Creep monitoring in use

Most critical section (usually top part or top section).through adequate marking.

Length measurements to assess creep progression.

Creep discard criterion

95% of initial rope strength or 10% of installed rope length.

Total creep strain limited to 10% of total length of HMPE rope. Creep failure safety Factor of safety over factor of 3 for mobile the design service life moorings and 5- 8 for against creep rupture: long-term moorings. 5 (creep is monitored) or 10 (creep is not monitored).

Safety factor

Meet DSM

illustrating the



To the left is a table

see and experience the incredible performance statistics of the latest Dyneema® fiber technology which will be shown as a live demo at the Lankhorst booth.

Norms and guidelines Guideline

HMPE fibers have, to date, been successfully deployed on semipermanent MODU mooring systems. However, DSM and Lankhorst Ropes are jointly introducing a brand new rope incorporating previously unseen HMPE fibers with enhanced dynamic properties. Entitled ‘Dyneema® Max Technology’, this revolutionary new fiber offers the ultra-deepwater oil and gas industry the first opportunity to use synthetic ropes with HMPE in permanent offshore mooring systems. Laboratory tests demonstrate that ropes made with ‘Dyneema® Max

Technology’ retain the property characteristics of HMPE, even under long-term high tensions in loop currents. Critical behavioral qualities - high static strength and stiffness, high modulus, yarnon-yarn abrasion tolerance and exceptional creep resistance enable a smaller, lighter rope to deliver improved performance, handling, safety and production system design benefits. The technical paper considers, in detail, the creep properties of HMPE rope and how DSM has introduced systematic improvements to tackle the problem from the molecular level up. Rigorous laboratory and field tests are outlined in detail alongside predictive modeling based on sub-rope tests. The conclusion is that ‘Dyneema® Max Technology’ fibers enable HMPE mooring ropes to satisfy all industry guidelines and standards for permanent deepwater offshore mooring.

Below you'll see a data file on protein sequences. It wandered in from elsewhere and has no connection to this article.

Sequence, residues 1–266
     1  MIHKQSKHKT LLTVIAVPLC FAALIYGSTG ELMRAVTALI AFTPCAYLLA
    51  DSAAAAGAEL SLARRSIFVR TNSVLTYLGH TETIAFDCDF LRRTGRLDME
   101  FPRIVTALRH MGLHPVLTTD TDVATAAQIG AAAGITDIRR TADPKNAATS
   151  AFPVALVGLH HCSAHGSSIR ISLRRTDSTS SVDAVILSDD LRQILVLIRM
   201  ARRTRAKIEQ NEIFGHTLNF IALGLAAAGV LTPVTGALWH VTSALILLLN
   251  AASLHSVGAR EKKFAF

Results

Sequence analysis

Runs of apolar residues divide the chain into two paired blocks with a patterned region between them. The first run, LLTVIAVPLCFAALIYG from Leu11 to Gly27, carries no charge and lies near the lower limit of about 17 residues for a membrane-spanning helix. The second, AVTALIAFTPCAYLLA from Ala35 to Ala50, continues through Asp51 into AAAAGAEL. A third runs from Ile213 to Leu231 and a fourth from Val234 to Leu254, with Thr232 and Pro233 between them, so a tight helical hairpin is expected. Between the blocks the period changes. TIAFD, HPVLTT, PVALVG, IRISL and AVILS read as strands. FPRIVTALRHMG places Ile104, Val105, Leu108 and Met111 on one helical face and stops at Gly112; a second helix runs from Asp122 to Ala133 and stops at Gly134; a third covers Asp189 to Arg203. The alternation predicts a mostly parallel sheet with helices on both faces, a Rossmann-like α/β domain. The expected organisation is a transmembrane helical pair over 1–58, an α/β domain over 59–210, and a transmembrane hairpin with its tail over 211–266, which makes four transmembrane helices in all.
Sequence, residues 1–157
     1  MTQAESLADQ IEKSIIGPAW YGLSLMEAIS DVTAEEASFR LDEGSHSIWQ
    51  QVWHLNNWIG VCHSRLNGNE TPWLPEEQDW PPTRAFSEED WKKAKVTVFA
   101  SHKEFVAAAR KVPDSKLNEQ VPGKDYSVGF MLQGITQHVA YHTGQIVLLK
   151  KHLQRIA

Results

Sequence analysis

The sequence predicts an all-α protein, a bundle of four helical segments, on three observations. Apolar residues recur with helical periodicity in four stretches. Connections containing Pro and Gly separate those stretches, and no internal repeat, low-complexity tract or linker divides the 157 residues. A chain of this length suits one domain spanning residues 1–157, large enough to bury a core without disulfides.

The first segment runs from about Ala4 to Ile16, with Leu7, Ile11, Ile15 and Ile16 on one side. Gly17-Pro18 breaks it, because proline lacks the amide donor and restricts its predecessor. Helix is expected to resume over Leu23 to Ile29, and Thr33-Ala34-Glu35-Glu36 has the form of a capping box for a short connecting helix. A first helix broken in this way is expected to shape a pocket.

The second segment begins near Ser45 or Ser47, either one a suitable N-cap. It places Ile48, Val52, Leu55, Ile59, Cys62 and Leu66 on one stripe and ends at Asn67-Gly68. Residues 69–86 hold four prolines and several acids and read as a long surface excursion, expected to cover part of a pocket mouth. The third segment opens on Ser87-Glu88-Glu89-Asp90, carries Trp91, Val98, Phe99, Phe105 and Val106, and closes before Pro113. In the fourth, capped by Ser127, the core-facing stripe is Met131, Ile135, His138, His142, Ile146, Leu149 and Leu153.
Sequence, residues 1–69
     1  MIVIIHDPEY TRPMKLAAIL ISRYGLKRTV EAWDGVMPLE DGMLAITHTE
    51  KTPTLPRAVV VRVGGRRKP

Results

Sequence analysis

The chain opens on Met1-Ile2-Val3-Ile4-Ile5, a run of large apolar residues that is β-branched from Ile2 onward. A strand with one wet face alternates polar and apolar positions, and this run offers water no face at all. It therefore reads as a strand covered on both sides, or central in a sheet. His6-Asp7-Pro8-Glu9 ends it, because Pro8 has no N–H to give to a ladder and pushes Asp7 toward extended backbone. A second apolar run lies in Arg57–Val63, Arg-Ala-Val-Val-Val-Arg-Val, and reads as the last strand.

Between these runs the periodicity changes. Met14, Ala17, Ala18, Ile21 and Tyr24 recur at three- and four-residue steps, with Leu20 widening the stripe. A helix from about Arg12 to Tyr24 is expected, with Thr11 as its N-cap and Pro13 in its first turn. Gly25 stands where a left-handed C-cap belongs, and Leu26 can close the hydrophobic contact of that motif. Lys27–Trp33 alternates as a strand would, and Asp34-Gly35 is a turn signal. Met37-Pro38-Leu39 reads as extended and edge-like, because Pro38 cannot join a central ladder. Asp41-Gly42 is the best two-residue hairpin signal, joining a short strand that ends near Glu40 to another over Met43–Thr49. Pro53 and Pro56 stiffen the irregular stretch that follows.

ISO/PDTS 14909

application of norms and guidelines to the analysis of creep in fibers, yarns

Calibrate long-term rope creep rates on full scale rope over 7 days at max.55% BS and max.25°C. Subropes allowed for parallel rope constructions.

and ropes.

Offshore Northern Seas (ONS) Stavanger, Norway 28 - 31 August 2012

Presentations by DSM

Rio Oil & Gas 2012 Rio de Janeiro, Brazil 17 - 20 September 2012 Offshore South East Asia (OSEA) Marina Bay Sands, Singapore 27 - 30 November 2012

Mr Jorn Boesten will be delivering a presentation at this years OTC in Houston as part of the official launch of Dyneema® Max Technology. After the exhibition and conference in Houston, we will be travelling around the world to ensure that potential end-users have an opportunity to see and hear about the many benefits that this new technology offers. You can see the presentation and speak to DSM in person at any of the following conferences and trade shows. Cordage Institute: Annual Conference - 9th-11th May, Florida USA Oceans: 21st-24th May, Yeosu, Republic of Korea Rio Oil & Gas: 17th-20th September, Rio de Janeiro, Brazil

Optional (of influence on the safety factor).

DSM Dyneema attends several international trade exhibitions and conferences. You are most welcome to meet us at any of the following events:

Contact details Marcelo Herszenhaut +1 7044604970

Marc Eijssen +31 6 51017250

Jorn Boesten +31 6 20447284


The Max Technology newsletter is a publication of DSM Dyneema intended for broad distribution. The purpose of this newsletter is to provide interested parties information about the products and activities of DSM worldwide. Nothing can be copied or used without any written confirmation from the Marketing Department of DSM. The contents have been compiled for information purposes only, no rights may be derived from the actual contents. Dyneema® is a trademark of DSM. Use of this trademark is prohibited unless strictly authorized.


DSM Dyneema Brandmarion


DSM Dyneema Seaway Heavy Lifting

Factor of safety for creep failure is10 times the service life of the rope.





Jorn Boesten 2

Dyneema® Max Technology - Newspaper issue #2  
Dyneema® Max Technology - Newspaper issue #2  

Newspaper about the introduction of the Dyneema® Max Technology,